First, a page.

Smaller companies have come to benefit from entrusting their data and applications to the cloud. Because these virtual environments don’t take up physical space and require little or no capital expenditure to get started, it’s easy to see why small businesses with limited budget and space would choose to deploy cloud infrastructure for their many technology needs. The scalability and flexibility of the cloud allow these kinds of companies to compete on a global scale and collaborate effectively.

However, there are other distinct reasons small businesses can benefit from the cloud. It’s not all about the CAPEX or OPEX – although these are both crucial aspects. In particular, certain advantages lie in undertaking a hybrid strategy that combines the best characteristics of on-premise infrastructure, private cloud and public cloud.

Let’s take a look at three more ways hybrid IT infrastructure is the best option for small businesses:

1. Disaster recovery

One of the best uses of the cloud is in disaster recovery and business continuity. An effective DR strategy includes a way for employees to access important company documents in times of need, as well as a plan for getting operations up and running again after a disaster. These kinds of plans are facilitated by hybrid environments, where some applications are in on-premises infrastructure but are backed up in the cloud for use when those original assets have been compromised.

“It can be an attractive alternative for companies that may be strapped for IT resources, because the usage-based cost of cloud services is well-suited for DR where the secondary infrastructure is parked and idling most of the time,” wrote TechTarget contributor Jacob Gsoedl. “Having DR sites in the cloud reduces the need for data center space, IT infrastructure and IT resources, which leads to significant cost reductions, enabling smaller companies to deploy disaster recovery options that were previously only found in larger enterprises.”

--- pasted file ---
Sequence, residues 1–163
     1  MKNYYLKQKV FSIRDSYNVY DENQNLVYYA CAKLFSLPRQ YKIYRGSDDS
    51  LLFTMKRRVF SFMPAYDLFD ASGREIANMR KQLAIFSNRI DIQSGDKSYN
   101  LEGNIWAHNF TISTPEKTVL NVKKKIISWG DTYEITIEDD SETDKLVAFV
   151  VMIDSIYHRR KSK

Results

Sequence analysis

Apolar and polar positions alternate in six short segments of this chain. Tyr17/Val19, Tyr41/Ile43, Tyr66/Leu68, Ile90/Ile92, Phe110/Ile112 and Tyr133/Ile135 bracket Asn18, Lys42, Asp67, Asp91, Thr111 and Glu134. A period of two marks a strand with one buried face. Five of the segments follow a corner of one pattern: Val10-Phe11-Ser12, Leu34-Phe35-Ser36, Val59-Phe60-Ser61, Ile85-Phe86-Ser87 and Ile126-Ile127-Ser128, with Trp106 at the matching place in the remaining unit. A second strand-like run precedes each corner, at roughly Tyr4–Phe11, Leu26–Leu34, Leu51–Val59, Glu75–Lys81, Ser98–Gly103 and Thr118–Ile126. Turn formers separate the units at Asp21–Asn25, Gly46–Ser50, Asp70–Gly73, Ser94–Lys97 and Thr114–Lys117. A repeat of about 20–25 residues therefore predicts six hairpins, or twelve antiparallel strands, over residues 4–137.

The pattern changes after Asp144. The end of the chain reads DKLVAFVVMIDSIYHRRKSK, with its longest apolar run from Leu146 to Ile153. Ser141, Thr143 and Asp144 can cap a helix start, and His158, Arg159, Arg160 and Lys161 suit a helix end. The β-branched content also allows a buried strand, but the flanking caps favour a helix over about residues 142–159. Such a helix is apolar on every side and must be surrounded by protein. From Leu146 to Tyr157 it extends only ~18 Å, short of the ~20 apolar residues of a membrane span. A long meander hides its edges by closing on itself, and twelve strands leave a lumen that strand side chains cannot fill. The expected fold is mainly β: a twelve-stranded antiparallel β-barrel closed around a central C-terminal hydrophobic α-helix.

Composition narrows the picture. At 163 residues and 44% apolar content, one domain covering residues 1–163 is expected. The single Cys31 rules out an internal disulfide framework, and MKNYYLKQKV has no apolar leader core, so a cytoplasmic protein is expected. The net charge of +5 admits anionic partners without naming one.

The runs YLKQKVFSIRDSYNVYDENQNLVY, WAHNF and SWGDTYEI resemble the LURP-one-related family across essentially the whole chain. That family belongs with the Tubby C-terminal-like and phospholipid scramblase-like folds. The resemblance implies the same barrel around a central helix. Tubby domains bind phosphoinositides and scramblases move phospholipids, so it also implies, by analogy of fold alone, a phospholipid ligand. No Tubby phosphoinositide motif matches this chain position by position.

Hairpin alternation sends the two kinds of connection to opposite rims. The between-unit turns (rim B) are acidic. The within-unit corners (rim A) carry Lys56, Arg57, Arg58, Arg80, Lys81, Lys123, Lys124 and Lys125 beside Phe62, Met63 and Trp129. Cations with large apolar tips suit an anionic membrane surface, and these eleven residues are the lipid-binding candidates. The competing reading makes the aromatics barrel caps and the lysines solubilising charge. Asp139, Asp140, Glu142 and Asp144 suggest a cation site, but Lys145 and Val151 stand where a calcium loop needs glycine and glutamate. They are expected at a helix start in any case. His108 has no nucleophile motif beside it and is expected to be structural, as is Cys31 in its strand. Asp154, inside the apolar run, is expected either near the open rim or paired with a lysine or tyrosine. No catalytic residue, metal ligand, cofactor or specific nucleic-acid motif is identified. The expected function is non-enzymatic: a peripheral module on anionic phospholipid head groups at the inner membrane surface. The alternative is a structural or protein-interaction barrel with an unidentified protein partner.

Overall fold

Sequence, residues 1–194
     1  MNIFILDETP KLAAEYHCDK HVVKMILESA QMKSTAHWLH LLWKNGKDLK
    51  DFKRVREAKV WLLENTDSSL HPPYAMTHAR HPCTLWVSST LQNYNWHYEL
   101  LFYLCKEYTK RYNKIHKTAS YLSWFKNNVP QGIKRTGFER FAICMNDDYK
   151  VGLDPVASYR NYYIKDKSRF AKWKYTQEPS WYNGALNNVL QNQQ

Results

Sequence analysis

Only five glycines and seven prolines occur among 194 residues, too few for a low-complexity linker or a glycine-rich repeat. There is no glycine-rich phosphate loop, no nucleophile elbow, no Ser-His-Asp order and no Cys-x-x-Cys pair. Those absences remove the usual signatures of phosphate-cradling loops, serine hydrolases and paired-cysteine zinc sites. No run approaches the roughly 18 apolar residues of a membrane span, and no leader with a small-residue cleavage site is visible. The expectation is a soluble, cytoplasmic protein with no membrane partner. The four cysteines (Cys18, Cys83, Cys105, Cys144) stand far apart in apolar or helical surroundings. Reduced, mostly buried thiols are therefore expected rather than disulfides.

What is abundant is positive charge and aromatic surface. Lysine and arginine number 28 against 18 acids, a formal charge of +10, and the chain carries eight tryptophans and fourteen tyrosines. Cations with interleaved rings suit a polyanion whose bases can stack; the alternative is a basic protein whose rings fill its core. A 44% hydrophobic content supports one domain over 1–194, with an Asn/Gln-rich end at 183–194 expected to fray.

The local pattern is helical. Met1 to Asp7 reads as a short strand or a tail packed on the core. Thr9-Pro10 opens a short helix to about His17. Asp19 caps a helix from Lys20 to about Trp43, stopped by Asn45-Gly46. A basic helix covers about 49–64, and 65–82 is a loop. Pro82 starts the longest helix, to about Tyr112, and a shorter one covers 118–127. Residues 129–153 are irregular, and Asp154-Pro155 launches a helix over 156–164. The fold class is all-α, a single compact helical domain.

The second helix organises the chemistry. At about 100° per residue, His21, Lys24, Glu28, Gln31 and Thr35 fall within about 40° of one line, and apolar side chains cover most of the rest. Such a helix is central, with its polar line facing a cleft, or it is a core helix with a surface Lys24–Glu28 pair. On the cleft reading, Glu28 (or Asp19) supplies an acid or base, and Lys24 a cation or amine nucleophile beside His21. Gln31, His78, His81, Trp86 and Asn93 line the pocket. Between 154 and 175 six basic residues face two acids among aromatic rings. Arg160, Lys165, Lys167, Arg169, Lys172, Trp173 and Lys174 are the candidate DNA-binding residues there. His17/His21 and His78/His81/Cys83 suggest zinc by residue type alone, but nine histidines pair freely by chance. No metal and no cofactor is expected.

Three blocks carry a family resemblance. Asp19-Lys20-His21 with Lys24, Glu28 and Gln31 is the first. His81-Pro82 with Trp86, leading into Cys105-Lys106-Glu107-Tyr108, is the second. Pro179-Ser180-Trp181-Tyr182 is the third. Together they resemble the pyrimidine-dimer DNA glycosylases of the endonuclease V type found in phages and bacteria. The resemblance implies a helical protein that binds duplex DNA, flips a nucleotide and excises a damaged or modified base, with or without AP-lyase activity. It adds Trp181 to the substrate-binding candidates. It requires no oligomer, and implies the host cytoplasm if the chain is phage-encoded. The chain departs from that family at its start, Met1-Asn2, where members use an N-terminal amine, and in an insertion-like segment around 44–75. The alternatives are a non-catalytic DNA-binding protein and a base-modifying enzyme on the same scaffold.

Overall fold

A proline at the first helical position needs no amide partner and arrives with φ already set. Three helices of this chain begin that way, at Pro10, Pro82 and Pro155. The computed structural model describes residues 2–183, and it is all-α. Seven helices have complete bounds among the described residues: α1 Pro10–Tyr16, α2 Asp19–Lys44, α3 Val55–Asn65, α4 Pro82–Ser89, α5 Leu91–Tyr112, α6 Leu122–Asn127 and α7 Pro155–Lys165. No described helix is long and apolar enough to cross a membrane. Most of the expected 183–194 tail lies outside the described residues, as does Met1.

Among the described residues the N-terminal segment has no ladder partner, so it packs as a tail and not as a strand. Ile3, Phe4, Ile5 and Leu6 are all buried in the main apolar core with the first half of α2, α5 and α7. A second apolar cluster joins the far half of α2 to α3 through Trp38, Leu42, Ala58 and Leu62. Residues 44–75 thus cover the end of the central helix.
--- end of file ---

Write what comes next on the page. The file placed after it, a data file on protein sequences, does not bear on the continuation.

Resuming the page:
So a combination of in-house infrastructure and cloud-based services is the best way to make sure data and applications can be accessed following a major disaster, like a tornado or a fire. As unlikely as these events may seem, it’s especially important for small businesses to have a plan – just in case.

The cloud can provide a great option for disaster recovery.The cloud can provide a great option for disaster recovery.

2. Sustain growth

Cloud deployments will grow alongside the company, which leads to several important benefits. Gone are the days when businesses would have to shell out money to purchase hardware that would be obsolete in two years’ time or sooner. The cloud’s inherent flexibility allows companies to invest in what they need for the time being, and then add to those services when necessary, which promotes growth. In addition, mobile employees are more productive and collaborative, bringing more opportunities for the company to remain competitive.

According to Entrepreneur contributor Andre Lavoie, this added flexibility and mobility can also lead to reductions in OPEX. Lavoie’s example is that if small businesses choose to employ bring-your-own-device policies, they can take advantage of employees’ own smartphones or tablets. This negates the need for the business itself to purchase these devices.

“The cloud’s inherent flexibility allows companies to invest in what they need for the time being.”

3. Retrieval fees are a thing of the past

When small businesses are just starting out, it may be easy to simply choose a hyperscale cloud provider – large public cloud companies like Amazon Web Services, Google Cloud Platform and Microsoft Azure – because the fees to store data are often inexpensive. However, when it comes time to retrieve that data and store it in another environment or use it for something, the retrieval fees can be extremely cost-prohibitive, creating unwanted vendor lock-in. In fact, a 2015 survey conducted by Sungard Availability Services found that 74 percent of organizations spent upward of $30,000 in monthly maintenance fees in addition to the initial investment.

With a multi-cloud strategy, however, it’s simple to put data and applications in these public environments and then access them via a private cloud. In this way, organizations don’t have to pay those exorbitant fees but can still access their data. This will help save money in the long run and give small businesses a chance to strengthen their IT strategies without compromising or being locked in to any one vendor.

With these three additional benefits of cloud computing on a hybrid scale, small organizations are positioned to save money, maintain business continuity and enhance growth opportunities. In other words, investing in a multi-cloud strategy is good news for small business.